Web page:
David Nicholas is one of the original CIBER founders. His interests include use and seeking behaviour in virtual spaces, the digital consumer, the virtual scholar, mobile information (information on-the-go), e-books, e-journal usage; the evaluation of digital platforms and user needs analysis.
Professor Nicholas was Director of the Department of Information Studies at University College London (2004–2011) and prior to that Head of the Department of Information Science at City University 1997–2003. David has been principal investigator on 60 research projects worth more than £4M and published more than 500 peer evaluated papers and 12 books.
David Clark has over forty years experience of publishing and related industries as a data processor, information manager and analyst. His PhD, from the University of Warwick, concerns the history and establishment of computing as a distinct academic discipline.
Anthony Watkinson has been a researcher in ecclesiastical history and a scholarly librarian but spent most of his career in scholarly publishing working for both not-for-profit and commercial publishers. He was visiting professor in the department of information sciences at City University for six years and during this time was one of the founders of CIBER.
Most of his publications have been with CIBER but he has also written on Open Access, Monograph Publishing, and Authenticity particularly in relation to Archiving and Preservation of digital content. He is currently a part-time senior lecturer at at University College London and also a director and plenary chair of the Charleston Conference, organises and chairs the annual Bloomsbury Conference, and runs training courses and seminars for the International Association of Science, Technical and Medical Publishers. Anthony has undertaken consultancy work for a number of organisations including JISC, the Cochrane Collaboration, and other learned societies. He has for over a decade been a consultant to the (UK) Publishers Association. His interests are in scholarly communication including, currently and in particular, open access, data, social media and outreach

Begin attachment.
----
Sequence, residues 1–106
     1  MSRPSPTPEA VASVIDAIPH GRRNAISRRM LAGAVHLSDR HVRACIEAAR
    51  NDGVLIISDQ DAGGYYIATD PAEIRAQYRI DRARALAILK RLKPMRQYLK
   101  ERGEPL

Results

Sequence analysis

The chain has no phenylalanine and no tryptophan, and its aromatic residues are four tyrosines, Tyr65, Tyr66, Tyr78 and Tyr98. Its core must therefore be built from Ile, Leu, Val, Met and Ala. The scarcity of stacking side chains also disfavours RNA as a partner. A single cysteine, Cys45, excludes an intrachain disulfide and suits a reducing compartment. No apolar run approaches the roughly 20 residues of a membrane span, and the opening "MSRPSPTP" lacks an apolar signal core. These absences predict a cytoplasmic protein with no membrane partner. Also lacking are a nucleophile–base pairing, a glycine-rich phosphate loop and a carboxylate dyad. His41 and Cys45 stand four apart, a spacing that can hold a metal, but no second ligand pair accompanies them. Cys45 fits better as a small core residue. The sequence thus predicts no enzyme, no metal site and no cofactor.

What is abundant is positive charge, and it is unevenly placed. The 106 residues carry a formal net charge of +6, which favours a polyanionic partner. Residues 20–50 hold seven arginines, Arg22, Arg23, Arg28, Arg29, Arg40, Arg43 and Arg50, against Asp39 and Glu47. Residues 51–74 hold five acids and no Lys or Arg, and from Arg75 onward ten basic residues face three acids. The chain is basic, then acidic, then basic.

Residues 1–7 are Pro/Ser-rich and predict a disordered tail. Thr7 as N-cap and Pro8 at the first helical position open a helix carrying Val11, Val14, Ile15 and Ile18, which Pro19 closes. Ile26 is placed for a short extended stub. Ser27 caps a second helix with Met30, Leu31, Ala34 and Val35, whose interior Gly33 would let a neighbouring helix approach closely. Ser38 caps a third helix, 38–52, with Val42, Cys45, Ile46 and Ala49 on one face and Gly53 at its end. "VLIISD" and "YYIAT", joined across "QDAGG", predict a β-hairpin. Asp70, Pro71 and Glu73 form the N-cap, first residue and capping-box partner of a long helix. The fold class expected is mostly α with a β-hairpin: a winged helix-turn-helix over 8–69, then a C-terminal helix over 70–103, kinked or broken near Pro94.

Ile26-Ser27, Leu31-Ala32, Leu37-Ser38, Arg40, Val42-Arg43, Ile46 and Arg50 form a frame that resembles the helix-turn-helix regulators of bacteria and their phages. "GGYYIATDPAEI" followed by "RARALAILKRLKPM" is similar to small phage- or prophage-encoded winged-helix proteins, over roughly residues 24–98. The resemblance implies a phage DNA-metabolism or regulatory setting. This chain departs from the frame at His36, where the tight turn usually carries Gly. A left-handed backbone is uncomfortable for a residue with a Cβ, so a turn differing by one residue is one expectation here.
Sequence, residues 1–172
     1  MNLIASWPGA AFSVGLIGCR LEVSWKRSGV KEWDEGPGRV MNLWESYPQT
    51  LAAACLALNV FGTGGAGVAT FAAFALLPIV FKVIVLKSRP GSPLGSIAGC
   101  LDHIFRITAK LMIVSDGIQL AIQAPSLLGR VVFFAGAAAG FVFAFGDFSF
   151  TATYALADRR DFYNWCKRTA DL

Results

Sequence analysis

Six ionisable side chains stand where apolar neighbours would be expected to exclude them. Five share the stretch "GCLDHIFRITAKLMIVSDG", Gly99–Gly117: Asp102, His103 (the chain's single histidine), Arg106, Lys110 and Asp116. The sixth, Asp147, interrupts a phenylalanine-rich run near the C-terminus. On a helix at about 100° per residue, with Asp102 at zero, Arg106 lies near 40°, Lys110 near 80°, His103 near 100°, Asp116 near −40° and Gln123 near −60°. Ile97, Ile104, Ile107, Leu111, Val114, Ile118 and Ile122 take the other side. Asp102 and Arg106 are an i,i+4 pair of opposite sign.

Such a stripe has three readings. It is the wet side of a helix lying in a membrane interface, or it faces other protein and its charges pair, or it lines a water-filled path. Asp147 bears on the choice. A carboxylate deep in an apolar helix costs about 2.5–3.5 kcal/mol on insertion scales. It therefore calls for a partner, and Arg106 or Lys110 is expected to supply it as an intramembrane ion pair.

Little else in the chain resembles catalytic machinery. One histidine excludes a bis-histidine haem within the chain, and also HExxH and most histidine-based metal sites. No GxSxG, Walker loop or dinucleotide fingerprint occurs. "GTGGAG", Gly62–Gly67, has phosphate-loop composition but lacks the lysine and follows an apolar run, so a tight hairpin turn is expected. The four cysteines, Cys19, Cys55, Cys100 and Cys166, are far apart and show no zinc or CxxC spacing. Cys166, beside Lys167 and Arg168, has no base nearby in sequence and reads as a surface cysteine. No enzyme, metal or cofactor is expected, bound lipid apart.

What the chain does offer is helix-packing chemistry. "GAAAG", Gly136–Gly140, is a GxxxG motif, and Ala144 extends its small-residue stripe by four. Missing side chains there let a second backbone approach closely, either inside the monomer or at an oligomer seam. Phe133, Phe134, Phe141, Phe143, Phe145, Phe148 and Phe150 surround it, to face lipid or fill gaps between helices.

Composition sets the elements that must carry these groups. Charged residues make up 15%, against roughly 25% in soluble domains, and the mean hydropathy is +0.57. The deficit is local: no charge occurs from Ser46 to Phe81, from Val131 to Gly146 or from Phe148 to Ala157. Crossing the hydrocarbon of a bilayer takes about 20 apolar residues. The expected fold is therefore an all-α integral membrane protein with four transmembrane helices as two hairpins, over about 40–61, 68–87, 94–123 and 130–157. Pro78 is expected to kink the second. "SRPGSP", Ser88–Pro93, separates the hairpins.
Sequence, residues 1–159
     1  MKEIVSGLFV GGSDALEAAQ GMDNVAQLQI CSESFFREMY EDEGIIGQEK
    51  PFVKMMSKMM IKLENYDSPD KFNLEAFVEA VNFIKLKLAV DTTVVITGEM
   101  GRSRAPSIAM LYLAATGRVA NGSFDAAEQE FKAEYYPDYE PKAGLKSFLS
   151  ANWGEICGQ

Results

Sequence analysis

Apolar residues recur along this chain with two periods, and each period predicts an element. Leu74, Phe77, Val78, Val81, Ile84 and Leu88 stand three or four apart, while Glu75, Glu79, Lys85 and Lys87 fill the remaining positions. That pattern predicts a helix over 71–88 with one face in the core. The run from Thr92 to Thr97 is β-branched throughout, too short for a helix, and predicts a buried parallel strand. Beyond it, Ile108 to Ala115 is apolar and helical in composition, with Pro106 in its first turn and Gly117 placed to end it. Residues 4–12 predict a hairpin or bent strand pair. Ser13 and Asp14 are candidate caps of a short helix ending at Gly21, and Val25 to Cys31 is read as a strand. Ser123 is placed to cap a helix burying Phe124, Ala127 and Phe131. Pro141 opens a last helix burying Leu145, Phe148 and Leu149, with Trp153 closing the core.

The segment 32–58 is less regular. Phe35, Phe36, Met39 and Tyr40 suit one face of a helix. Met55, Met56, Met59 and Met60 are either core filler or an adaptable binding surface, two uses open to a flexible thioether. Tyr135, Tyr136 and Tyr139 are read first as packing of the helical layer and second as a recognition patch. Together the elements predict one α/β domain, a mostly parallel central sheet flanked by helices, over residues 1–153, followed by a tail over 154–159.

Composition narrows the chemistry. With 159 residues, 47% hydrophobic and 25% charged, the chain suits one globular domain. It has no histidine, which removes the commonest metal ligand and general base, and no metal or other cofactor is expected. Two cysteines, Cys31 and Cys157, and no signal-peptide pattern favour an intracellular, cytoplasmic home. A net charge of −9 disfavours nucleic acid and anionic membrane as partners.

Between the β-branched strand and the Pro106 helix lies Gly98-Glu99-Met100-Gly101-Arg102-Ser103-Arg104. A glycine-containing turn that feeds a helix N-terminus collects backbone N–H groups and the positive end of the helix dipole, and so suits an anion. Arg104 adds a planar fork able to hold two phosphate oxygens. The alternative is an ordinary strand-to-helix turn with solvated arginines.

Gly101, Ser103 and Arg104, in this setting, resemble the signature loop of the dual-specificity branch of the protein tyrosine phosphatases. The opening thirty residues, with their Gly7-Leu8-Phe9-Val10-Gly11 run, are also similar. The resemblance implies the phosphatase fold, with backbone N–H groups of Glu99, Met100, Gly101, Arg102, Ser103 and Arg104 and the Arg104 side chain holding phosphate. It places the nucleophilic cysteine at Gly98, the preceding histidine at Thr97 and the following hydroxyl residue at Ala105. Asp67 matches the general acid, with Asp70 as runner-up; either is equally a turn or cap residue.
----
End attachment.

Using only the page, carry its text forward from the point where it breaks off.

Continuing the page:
Eti Herman spent most of her working life at the University of Haifa, Israel, as Head of Reader Services and Head of Administration, as well as Acting Vice-Director of the Library (1980-1994), Academic Secretary (1995-2000), and faculty member in the Information and Library Studies Programme (2001-2010). She is also Head of the Editorial Board of Meidaat, the only Israeli journal of information science and librarianship.
Her main areas of research interest are information needs and information behaviour in the digital era, particularly of academics, with a current focus on quality assurance, trust and authority in scholarly communications. She is joint editor of the four-volume Information Science in Routledge's Critical Concepts in Media and Cultural Studies Series.